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Tag: David Lazer

The Case For Traveling to the Center of Our Social Networks

James FowlerMuch has been made of David Lazer’s finding that Google’s Flu Trends tracker seriously missed the mark in its measurement of flu activity for 2012-2013—and in previous years, too.

For those who don’t know, Flu Trends monitors Google search behaviors to identify regions where searches related to flu-like symptoms are spiking.In spite of Flu Trend’s notable misstep, Lazer still believes in the power of marrying health and social data.

In discussing the results of his study, he has maintained Google Flu is “a terrific” idea—one that just needs some refining. I agree.And, earlier this month, Nicholas Christakis, several other colleagues, and I—with funding from the Robert Wood Johnson Foundation—published a new method offering one such refinement.

Our paper shows that, in a given social network (in this study’s case, Twitter), a sample of its most connected, central individuals can hold significant predictive power.

We call this potentially powerful group of individuals a “sensor group.”

By finding and monitoring the tweets of a sensor group, we can catch—and sometimes even predict—the outbreak of contagious information early on. That detection edge could improve how we track the outbreak of disease epidemics, the rise of certain terms or phrases, or shifts in political sentiment.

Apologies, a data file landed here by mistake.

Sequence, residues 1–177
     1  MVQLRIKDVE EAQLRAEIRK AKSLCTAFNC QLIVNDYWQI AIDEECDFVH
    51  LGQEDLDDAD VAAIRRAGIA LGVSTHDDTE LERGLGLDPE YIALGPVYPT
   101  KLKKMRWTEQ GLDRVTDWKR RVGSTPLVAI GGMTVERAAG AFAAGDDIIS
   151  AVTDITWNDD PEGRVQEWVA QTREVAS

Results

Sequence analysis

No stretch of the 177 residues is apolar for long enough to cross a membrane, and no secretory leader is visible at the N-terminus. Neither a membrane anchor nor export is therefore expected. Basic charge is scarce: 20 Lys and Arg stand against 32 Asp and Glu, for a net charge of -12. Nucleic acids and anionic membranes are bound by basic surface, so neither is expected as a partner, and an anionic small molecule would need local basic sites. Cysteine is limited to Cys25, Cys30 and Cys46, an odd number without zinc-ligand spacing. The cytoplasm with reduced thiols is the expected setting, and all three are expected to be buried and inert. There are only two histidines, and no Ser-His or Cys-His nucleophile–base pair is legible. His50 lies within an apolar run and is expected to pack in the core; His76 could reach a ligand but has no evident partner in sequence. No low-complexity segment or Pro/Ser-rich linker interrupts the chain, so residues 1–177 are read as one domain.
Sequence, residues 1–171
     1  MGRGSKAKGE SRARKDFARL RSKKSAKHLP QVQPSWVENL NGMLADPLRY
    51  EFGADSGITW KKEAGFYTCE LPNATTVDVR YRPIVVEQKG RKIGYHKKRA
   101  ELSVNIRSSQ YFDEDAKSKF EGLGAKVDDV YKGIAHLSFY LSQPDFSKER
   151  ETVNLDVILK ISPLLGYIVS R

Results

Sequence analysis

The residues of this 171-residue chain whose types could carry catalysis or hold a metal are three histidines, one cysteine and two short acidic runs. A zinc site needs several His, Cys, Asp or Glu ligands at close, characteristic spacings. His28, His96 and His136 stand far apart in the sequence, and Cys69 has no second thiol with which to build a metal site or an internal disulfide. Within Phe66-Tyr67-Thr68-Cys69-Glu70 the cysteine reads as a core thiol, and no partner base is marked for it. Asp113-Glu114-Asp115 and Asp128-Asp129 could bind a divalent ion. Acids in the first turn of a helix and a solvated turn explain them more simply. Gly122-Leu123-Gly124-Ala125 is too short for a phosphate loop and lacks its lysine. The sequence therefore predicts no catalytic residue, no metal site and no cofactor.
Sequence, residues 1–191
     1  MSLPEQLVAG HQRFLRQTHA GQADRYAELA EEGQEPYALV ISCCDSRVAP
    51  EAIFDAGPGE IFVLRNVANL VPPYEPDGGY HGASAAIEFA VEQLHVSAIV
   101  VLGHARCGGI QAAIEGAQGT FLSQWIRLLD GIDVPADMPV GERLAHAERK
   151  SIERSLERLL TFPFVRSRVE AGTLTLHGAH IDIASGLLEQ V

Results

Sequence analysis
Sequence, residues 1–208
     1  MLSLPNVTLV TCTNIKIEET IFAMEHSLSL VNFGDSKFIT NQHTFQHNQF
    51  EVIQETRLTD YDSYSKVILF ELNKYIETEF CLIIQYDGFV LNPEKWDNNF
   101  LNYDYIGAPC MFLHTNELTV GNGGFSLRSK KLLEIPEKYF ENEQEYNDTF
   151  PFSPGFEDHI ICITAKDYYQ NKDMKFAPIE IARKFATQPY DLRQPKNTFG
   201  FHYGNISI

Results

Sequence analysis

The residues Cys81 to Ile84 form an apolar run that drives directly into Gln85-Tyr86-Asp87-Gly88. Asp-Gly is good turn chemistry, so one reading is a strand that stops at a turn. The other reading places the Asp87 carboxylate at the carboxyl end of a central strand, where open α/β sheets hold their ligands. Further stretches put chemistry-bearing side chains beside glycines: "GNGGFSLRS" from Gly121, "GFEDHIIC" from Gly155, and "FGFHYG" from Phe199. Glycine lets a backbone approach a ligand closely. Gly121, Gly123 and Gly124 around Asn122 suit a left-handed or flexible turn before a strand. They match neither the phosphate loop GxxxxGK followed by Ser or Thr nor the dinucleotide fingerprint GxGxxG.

Whereas Flu Trends relies on a relatively static, proprietary “dictionary” of flu-related search terms based on average Google search habits, the sensor method taps into what is really happening in social networks in real time.

By drawing on language being used by a sensor group—such as mentions of an emergent symptom or a popular newly coined name for a disease—Google could gain insight into what their dictionary might be missing.Sampling both the average Googler’s behavior and that of the exceptionally connected social network user can paint a much fuller picture of whatever landscape we are interested in tracking. We can more accurately see how it looks now—and how it could look in the near future.

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